10-ONE council

Photo Credit: Chris Foxx | Daily Texan Staff

Austin City Council member Chris Riley dropped out of the runoff election Friday for the City Council’s District 9 seat.

With 49.1 percent of the vote, City Council member Kathie Tovo was just shy of winning the District 9 seat outright on Election Day, and the race was slated for a Dec. 16 runoff. In a press release Friday, Riley called Tovo a “worthy opponent” and said he wanted to start the City Council’s new term positively by collaborating instead of competing.

“I remain dedicated to the ideals and policies I’ve championed, and I feel there is a path to victory in the runoff,” Riley said in his statement. “But I also feel that, as we begin this new era with a new council, a contest that creates negativity and division is not how we should set the tone for Austin going forward. I would rather work together with Kathie and with the new council members, as an advocate, to solve the challenges we face.”

Last Tuesday’s election marked the first under the 10-ONE system, which reformats the City Council from six citywide members to 10, each representing a geographic district. The change, which goes into effect in January, also makes the mayor the only citywide elected official. Riley also said, while his campaign gave Austin a clear view of his vision, he felt Tovo would represent District 9 to her
best ability. 

“I’m also happy to have been part of this first 10-1 and November election, which has brought so many new participants into the city’s democratic process,” Riley said. “I hope that as Austin settles into this new system, we continue to listen and respond to the voices that I’ve been hearing on the campaign trail — the students, the renters, the younger and newer residents, and everyone who wants the opportunity to live closer, live smaller and drive less. They are Kathie’s constituents and those of the new council members, and they deserve to be heard and represented.”

With Riley’s decision, Tovo is now the third confirmed member of the new City Council. Delia Garza of District 2 and Ann Kitchen of District 5 were the only two City Council candidates to win their races outright. The other seven districts, along with the mayor’s race between Steve Adler and City Council member Mike Martinez, will be decided at the Dec. 16 runoff election. Tovo said she was surprised when Riley informed her of his decision, but she looks forward to working with him in the future.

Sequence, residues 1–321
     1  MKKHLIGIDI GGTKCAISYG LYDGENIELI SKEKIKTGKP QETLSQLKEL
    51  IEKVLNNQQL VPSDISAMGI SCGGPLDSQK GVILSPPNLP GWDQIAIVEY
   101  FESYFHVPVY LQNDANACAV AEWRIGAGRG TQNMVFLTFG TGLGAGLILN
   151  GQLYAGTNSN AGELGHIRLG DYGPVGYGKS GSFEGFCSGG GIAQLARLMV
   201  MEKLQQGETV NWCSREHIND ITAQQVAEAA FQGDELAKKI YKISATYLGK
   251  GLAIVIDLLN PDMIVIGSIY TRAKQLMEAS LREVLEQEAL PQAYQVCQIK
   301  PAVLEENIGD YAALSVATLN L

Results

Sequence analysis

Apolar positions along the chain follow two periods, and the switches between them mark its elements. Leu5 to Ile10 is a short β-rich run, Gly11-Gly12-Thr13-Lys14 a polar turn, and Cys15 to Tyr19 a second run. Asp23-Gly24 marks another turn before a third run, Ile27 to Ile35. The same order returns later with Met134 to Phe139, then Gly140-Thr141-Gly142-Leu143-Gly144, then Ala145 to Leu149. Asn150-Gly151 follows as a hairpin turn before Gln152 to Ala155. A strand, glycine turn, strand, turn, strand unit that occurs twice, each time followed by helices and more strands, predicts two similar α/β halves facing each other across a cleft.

“I think that Chris has a lot of expertise that’s helped this city advance, particularly with multimodal transportation,” Tovo said. “I certainly anticipate continuing to reach out to him on that issue and others. I expect he’ll continue to be involved in this community in many ways.”

With her seat on the new City Council secure, Tovo said she will make use of her extra time.

“Not having a runoff really provides me to focus on wrapping up on some of my current council projects and getting ready to work with my new colleagues on the new 10-ONE council,” Tovo said.

As District 9 covers parts of campus, North Campus, West Campus and Hyde Park, Tovo said the race had a high amount of student involvement. She said that she and Riley both felt it was important that college students stay involved in the political process.

“One of the things we talked specifically about is the importance of continuing to involve students,” Tovo said. “There was a lot of student engagement in the District 9 race, and I look forward to continuing to work with students and making sure they have a voice at City Hall.”

City Council member Chris Riley dropped out of the runoff election for the council's District 9 seat on Friday.

With 49.1 percent of the vote, council member Kathie Tovo was just shy of winning the District 9 seat outright on Election Day. The race was slated for a Dec. 16 runoff. In a press release Friday, Riley called Tovo a “worthy opponent" and said he wanted to start the City Council’s new term positively by collaborating instead of competing.

“I remain dedicated to the ideals and policies I’ve championed, and I feel there is a path to victory in the runoff,” Riley said in his statement. “But I also feel that, as we begin this new era with a new council, a contest that creates negativity and division is not how we should set the tone for Austin going forward. I would rather work together with Kathie and with the new council members, as an advocate, to solve the challenges we face.”

Tuesday's election marked the first under the 10-ONE system, which reformats the council from six citywide members to 10, each representing a geographic district. The change, which goes into effect in January, also makes the mayor the only citywide elected official. Riley praised the system, and said he hoped it would serve Austin well. He also said while his campaign gave Austin a clear view of his vision, he felt Tovo would represent District 9 to her best ability. 

“I’m also happy to have been part of this first 10-1 and November election, which has brought so many new participants into the city’s democratic process,” Riley said. “I hope that as Austin settles into this new system, we continue to listen and respond to the voices that I’ve been hearing on the campaign trail — the students, the renters, the younger and newer residents, and everyone who wants the opportunity to live closer, live smaller and drive less. They are Kathie’s constituents and those of the new council members, and they deserve to be heard and represented.”

With Riley's decsion, Tovo is now the third confirmed member of the new council. Delia Garza of District 2 and Ann Kitchen of District 5 were the only two council candidates to win their races outright. The other seven districts, along with the mayor's race between Steve Adler and council member Mike Martinez, will be decided at the Dec. 16 runoff election. Tovo said she was a little surprised when Riley informed her of his decision and said she looked forward to working with Riley as well.

“I think that Chris has a lot of expertise that's helped this city advance, particularly with multimodal transportation,” Tovo said. “I certainly anticipate continuing to reach out to him on that issue and others. I expect he’ll continue to be involved in this community in many ways.”